“Gaming Chromebooks” with Nvidia GPUs apparently killed with little fanfare

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Asus' Chromebook Flip CX5 was one of the streaming-oriented gaming Chromebooks announced late last year.
Enlarge / Asus’ Chromebook Flip CX5 was one of the streaming-oriented gaming Chromebooks announced late last year.


Google and some of its Chromebook partners decided to try making “gaming Chromebooks” a thing late last year. These machines included some gaming laptop features like configurable RGB keyboards and high refresh rate screens, but because they still used integrated GPUs, they were meant mostly for use with streaming services like Nvidia’s GeForce Now and Microsoft’s Xbox Cloud Gaming.

But there were also apparently plans for some gaming Chromebooks with the power to play more games locally. Earlier this year, 9to5Google spotted developer comments earlier this year pointing to a Chromebook board (codenamed Hades) that would have included a dedicated GeForce RTX 4050 GPU like the one found in some Windows gaming notebooks. This board would have served as a foundation that multiple PC makers could have used to build Chromebooks.

But these models apparently won’t be seeing the light of day anytime soon. Developer comments spotted by About Chromebooks this week indicate that the Hades board (plus a couple of other Nvidia-equipped boards, Agah and Herobrine) has been canceled, which means that any laptops based on that board won’t be happening.

“Herobrine, Hades, and Agah are all cancelled,” the comment reads. “The infra (overlays, builders, etc) have already been shut down for them. Delete.”

This doesn’t mean that Chromebooks with dedicated GPUs will never happen—AMD and Intel make dedicated laptop GPUs as well, though they’re far less popular than Nvidia’s. But at least for now, it seems like someone within Google or at the PC companies has decided that Chromebooks with dedicated GPUs aren’t worth the effort.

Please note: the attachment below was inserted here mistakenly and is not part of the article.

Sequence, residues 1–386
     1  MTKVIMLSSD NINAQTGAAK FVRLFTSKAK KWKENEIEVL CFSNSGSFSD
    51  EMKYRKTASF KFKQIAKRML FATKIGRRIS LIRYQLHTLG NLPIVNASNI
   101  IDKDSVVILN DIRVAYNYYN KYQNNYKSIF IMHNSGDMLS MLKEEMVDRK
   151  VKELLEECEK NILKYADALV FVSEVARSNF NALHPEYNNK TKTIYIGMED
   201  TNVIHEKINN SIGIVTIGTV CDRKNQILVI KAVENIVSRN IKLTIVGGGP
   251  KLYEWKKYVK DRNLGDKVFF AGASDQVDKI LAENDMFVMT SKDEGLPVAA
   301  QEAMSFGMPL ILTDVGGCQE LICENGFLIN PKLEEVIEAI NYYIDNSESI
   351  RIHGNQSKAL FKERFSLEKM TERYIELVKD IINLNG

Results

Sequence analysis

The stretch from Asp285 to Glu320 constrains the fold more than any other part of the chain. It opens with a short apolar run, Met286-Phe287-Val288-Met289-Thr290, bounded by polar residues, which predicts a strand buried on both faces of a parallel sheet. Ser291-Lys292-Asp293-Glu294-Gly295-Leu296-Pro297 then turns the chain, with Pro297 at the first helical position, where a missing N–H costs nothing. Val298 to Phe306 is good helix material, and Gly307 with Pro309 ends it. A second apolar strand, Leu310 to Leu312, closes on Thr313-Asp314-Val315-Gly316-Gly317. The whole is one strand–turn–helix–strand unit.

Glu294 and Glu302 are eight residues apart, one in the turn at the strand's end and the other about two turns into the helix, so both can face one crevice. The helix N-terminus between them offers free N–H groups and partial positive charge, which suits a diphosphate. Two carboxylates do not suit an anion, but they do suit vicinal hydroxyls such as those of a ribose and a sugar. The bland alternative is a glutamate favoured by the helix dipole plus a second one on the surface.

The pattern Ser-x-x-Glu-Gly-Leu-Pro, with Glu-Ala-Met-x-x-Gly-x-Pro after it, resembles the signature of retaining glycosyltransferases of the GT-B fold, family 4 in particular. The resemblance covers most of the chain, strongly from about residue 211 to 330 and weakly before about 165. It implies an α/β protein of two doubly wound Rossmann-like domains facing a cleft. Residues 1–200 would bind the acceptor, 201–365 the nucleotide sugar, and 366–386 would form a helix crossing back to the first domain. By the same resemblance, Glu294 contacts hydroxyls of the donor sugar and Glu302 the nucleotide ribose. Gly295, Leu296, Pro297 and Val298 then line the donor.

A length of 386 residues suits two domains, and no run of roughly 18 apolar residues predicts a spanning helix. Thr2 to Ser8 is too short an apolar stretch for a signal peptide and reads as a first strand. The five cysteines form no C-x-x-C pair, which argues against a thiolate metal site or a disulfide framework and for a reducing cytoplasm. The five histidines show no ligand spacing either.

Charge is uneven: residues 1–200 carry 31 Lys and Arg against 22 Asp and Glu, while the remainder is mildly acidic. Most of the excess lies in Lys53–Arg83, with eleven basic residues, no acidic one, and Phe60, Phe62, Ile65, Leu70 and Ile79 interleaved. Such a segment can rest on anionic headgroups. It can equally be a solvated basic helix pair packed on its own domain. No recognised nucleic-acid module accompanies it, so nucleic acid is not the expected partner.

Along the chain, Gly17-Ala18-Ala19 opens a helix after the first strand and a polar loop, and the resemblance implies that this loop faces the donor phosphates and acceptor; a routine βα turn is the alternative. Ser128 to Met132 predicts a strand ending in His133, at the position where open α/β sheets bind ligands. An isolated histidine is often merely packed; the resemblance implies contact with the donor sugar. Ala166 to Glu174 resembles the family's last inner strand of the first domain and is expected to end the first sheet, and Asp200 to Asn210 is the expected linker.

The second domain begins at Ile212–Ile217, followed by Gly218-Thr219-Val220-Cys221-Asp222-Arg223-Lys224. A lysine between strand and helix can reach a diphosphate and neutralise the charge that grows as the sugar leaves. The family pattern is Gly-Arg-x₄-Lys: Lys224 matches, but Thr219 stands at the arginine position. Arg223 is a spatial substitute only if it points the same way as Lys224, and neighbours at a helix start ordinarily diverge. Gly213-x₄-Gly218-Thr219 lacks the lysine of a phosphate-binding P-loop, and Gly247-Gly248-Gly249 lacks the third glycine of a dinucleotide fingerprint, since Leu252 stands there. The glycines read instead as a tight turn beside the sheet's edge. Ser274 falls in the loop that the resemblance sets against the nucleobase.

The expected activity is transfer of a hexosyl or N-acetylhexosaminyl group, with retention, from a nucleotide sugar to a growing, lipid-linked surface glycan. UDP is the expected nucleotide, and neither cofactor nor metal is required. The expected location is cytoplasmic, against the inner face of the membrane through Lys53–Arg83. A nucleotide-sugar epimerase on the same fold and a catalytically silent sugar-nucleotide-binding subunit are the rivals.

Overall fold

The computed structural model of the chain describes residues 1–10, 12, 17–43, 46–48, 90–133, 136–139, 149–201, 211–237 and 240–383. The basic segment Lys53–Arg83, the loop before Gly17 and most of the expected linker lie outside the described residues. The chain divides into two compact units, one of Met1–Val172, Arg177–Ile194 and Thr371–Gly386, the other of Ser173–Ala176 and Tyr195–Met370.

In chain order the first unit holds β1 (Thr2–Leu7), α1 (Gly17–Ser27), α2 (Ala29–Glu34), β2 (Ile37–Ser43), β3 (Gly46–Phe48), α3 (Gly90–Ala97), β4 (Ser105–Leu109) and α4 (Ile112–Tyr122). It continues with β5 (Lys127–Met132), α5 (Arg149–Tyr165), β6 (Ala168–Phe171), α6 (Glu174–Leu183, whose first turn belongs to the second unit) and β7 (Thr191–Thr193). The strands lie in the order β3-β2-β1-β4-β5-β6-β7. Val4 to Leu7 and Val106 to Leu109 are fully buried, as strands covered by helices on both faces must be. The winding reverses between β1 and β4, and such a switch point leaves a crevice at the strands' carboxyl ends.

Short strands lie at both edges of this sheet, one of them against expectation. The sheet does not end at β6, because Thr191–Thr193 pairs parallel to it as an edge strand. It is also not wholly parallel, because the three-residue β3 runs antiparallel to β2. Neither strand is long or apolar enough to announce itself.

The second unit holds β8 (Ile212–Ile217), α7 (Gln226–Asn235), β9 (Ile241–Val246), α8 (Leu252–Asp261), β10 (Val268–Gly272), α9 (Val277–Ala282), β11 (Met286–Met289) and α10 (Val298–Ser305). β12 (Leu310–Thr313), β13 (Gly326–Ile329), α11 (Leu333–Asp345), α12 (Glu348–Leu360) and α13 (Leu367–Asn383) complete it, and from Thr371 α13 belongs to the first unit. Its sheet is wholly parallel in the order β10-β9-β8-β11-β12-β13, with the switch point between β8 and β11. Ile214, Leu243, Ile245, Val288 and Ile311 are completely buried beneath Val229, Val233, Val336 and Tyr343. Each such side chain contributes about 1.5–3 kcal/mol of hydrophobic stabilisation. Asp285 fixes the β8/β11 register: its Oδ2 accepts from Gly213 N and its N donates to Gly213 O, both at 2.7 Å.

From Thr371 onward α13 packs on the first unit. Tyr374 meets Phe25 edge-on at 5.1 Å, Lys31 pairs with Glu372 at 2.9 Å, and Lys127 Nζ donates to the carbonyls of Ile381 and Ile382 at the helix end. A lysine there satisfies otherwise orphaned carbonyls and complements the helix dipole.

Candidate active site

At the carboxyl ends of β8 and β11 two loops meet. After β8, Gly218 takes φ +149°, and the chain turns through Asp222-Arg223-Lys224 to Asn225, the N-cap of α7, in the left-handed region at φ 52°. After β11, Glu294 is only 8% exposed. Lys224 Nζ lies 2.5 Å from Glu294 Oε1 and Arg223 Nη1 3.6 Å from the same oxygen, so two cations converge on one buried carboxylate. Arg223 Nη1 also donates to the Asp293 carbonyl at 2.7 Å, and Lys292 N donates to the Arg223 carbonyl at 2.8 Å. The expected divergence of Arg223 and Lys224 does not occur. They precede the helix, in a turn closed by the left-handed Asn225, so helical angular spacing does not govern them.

Local gaming in ChromeOS is a heavy lift


Had they happened, these Chromebooks would have faced software compatibility challenges. Google had made progress in getting the Linux version of the Steam client running in Chrome OS. Because it’s a Linux operating system at its core, ChromeOS can run many Windows games thanks to the same Proton compatibility layer used by the Steam Deck (and available to desktop Linux OSes like Ubuntu).

But the additional restrictions on Linux apps running in ChromeOS meant that support was still spotty. As of November 2022, the anti-cheat software that many multiplayer games require still wasn’t working, and external monitors weren’t supported. Games running on 1440p and 4K displays were also apparently taking additional performance hits, even if they were running at lower resolutions. And workarounds were needed to make sure that enough storage was being allocated for games, especially ones that downloaded additional content post-install.

It’s not as though there is zero constituency for a Chromebook that can play games locally. Chromebooks are popular in schools, and young people buying their first gaming PCs could have had the option to stick with an operating system they’re used to.

But I can’t say I’m sad to see the idea go. These laptops would have combined all of the things that are already wrong with gaming laptops—mainly high temperatures, lack of repairability and upgradeability, and high costs relative to an entry-level gaming desktop—and they would have added the difficulty of playing Windows games on Linux, and of running Linux apps on ChromeOS. These sacrifices, the slumping PC market, and the added work of supporting Nvidia GPUs in ChromeOS may have prompted Google to kill the project.

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